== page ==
Many registered nurses choose to specialise in a particular field so they can take on more responsibilities for patient care and treatment. Programs are available which allow registered nurses to become certified as diabetes specialists and work specifically with diabetes patients. Nurses can also become certified diabetes educators. Nurse practitioners can become diabetes specialist nurse practitioners and provide a high level of patient care for patients affected by diabetes.
The role of a diabetes specialist nurse is similar to the role of any other R.N. or nurse practitioner: providing patient care. However, while a general R.N. or nurse practitioner provides patient care in a number of settings, diabetes specialist nurses work primarily with diabetic patients, helping them control, understand and manage their diabetes; and helping physicians care for diabetic patients.
Diabetes specialist nurses are responsible for educating patients about diabetes care. Special certificate programs offered through the American Diabetes Association teach nurses national standards for diabetes patient education. Nurses certified in this area educate patients and prospective patients about diabetes, and discuss diabetes prevention and care in lecture settings. These lectures can include facts on diet, exercise, obesity and food choice.
Diabetic nurses provide care for diabetes patients. Diabetes patients can be hospitalised or require doctor visits to control and manage their condition. Management of diabetes includes medication, monitoring of insulin levels, and treatment of complications that can arise as a result of diabetes. Diabetes specialist nurses have an in-depth understanding of bodily systems often affected by diabetes including the hypothalamus, pituitary gland, thyroid, adrenal gland, pineal gland and the parathyroid.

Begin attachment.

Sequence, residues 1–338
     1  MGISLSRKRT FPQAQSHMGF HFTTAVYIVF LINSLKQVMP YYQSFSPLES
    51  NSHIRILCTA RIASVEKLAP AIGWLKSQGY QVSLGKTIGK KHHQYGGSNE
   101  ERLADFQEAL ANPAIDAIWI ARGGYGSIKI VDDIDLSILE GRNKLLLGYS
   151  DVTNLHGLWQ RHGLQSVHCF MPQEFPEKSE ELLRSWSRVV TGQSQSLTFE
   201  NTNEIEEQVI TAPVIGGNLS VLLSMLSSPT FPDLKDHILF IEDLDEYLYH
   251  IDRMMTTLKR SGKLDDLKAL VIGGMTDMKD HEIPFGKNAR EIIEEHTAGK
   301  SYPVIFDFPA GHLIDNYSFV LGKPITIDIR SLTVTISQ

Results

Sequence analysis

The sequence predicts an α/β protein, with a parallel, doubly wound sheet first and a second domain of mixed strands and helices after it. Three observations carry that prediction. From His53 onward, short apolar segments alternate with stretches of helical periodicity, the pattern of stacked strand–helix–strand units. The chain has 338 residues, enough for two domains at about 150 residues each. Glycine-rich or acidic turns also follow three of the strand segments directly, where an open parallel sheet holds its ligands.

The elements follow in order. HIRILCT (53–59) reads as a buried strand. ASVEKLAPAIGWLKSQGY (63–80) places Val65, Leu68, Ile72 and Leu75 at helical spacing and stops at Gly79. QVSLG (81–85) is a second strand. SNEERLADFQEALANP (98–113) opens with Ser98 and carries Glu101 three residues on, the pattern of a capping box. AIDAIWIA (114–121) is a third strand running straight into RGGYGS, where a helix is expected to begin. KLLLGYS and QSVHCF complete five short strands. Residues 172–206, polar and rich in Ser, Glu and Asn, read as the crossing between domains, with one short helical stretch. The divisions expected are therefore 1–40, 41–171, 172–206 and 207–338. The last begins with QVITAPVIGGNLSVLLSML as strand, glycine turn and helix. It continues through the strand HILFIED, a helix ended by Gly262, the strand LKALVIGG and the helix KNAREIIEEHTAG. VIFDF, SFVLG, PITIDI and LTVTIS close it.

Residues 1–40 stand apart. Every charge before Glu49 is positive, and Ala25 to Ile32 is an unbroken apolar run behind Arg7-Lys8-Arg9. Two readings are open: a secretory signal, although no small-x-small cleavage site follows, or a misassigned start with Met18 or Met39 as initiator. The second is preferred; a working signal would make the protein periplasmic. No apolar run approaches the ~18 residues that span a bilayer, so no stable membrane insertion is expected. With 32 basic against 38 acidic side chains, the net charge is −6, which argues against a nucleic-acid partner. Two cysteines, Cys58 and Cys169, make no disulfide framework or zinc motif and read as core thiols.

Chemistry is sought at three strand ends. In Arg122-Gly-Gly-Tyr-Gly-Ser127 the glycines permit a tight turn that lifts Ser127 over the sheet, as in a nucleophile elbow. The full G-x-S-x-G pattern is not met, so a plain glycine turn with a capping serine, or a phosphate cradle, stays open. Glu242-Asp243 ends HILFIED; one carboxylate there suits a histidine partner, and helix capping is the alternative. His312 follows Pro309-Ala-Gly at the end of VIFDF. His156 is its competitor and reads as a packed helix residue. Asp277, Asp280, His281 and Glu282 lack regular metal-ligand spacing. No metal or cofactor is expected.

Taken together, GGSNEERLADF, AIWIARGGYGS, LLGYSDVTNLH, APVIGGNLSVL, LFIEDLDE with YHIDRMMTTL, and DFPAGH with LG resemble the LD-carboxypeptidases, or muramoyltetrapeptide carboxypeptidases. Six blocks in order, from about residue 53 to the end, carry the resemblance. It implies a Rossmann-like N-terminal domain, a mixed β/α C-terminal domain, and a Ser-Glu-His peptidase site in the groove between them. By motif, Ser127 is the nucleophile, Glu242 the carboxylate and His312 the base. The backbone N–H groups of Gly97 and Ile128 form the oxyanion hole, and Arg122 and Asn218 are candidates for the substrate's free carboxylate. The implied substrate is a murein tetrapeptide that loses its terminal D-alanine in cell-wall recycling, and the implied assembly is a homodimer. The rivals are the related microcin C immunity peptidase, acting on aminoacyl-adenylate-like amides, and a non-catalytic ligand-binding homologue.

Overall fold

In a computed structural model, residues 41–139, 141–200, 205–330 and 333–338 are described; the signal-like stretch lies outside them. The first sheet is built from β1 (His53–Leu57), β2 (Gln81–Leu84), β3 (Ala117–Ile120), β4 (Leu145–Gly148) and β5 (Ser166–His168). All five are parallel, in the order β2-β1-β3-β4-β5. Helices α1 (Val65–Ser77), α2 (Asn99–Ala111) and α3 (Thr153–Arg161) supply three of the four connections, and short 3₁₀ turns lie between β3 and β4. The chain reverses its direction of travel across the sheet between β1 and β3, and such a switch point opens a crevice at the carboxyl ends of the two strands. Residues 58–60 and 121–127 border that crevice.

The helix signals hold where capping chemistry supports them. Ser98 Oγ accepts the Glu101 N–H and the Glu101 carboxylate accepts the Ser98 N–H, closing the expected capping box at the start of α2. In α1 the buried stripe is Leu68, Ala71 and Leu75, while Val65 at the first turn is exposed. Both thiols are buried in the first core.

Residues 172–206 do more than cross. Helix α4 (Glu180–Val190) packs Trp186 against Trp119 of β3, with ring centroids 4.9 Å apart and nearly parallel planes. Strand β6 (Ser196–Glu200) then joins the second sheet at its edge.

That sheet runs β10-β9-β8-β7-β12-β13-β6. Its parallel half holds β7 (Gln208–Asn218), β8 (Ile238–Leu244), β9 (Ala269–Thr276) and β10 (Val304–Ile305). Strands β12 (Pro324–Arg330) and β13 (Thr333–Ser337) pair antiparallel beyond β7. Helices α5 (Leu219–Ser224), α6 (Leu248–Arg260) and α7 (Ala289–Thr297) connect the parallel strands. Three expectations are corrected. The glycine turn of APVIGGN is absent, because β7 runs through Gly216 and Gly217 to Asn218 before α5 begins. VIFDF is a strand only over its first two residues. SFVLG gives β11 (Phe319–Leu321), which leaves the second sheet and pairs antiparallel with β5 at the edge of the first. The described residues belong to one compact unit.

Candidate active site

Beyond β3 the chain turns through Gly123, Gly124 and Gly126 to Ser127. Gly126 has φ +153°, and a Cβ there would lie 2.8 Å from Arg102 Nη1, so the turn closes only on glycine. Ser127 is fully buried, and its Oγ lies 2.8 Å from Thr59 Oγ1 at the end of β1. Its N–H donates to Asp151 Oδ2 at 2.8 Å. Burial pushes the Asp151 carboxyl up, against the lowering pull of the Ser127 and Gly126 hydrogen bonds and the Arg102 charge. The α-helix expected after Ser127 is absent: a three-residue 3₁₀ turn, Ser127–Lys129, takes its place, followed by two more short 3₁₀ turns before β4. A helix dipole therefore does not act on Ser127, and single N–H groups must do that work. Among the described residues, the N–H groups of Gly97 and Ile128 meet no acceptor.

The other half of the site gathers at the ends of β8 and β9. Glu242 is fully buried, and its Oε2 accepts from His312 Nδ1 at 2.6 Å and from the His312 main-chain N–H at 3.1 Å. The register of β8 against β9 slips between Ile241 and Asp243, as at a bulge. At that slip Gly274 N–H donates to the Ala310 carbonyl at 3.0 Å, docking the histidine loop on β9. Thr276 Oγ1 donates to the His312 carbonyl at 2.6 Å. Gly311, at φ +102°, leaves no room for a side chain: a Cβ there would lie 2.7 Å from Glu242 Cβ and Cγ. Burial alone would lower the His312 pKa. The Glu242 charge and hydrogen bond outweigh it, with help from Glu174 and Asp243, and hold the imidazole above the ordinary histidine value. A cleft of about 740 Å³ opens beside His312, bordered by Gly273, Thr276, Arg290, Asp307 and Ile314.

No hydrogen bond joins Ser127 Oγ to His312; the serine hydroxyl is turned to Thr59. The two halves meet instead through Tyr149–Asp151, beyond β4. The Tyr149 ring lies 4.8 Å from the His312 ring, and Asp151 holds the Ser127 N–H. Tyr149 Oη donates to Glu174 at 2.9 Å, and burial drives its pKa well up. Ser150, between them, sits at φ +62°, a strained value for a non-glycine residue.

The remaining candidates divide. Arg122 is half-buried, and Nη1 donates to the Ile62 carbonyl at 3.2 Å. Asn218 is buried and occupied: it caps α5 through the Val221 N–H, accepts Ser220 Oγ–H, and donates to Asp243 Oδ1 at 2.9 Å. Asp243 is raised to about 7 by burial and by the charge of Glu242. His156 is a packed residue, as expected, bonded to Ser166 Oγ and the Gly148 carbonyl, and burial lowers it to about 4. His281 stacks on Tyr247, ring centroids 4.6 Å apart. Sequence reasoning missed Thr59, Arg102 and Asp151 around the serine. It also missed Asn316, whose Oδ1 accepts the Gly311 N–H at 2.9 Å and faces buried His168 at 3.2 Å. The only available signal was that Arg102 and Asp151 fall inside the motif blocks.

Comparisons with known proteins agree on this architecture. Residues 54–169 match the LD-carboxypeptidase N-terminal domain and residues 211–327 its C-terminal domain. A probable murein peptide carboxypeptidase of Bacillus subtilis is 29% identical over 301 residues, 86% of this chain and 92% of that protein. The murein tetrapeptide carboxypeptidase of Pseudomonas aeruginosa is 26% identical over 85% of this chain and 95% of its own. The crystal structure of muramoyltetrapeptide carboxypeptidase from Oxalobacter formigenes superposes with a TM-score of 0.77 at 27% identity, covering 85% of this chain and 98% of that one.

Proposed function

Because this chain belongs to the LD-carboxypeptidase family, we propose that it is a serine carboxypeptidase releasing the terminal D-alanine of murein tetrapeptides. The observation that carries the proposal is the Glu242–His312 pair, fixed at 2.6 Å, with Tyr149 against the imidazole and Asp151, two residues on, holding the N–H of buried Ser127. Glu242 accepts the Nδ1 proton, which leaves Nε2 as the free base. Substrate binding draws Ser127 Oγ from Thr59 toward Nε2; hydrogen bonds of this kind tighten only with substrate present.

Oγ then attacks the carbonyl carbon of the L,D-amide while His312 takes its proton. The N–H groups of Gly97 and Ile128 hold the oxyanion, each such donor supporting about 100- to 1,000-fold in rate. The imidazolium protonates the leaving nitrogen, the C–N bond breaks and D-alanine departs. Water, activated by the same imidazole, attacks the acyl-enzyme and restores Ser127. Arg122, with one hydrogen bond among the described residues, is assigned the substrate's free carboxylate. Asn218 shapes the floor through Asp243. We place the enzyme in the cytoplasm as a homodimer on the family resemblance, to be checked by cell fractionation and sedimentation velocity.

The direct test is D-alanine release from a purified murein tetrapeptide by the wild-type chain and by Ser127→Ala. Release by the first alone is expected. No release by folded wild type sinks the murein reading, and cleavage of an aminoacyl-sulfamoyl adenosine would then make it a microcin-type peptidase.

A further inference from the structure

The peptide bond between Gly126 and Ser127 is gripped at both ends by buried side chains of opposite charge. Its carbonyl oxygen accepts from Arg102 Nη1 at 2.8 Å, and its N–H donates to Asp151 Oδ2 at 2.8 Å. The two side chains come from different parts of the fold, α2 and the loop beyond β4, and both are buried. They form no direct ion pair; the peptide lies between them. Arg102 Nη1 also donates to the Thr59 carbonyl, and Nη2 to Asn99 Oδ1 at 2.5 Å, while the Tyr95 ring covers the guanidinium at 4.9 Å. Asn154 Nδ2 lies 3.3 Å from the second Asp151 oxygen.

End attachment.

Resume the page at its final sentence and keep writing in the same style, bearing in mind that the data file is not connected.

Diabetes specialists and nurse practitioners who specialise in diabetes are able to perform medical tests and take an active role in diagnosing and managing diabetes. These functions include performing blood glucose level tests and other tests to examine insulin levels in the patient and otherwise ensure that the patient's diabetes is not adversely affecting his body.
Diabetes specialist nurses are being trusted with an increased level of autonomy in caring for diabetic patients as part of cost containment efforts within the health care system. It often costs less for a patient with a routine problem or who needs a routine checkup to see a nurse practitioner or specialist nurse, as opposed to a doctor.
Many nurse practitioners treat a significant number of diabetic patients. A nurse practitioner who is a certified diabetes specialist can change medication doses and order clinical exams without consulting with a doctor. Diabetes nurse practitioners can carry out physical exams on a patient, order and interpret laboratory tests, and prescribe medications. Diabetes nurse practitioners then can work with patients to order blood glucose tests or other diabetes-related tests, and to adjust doses of insulin and prescribe other medication designed to manage diabetes.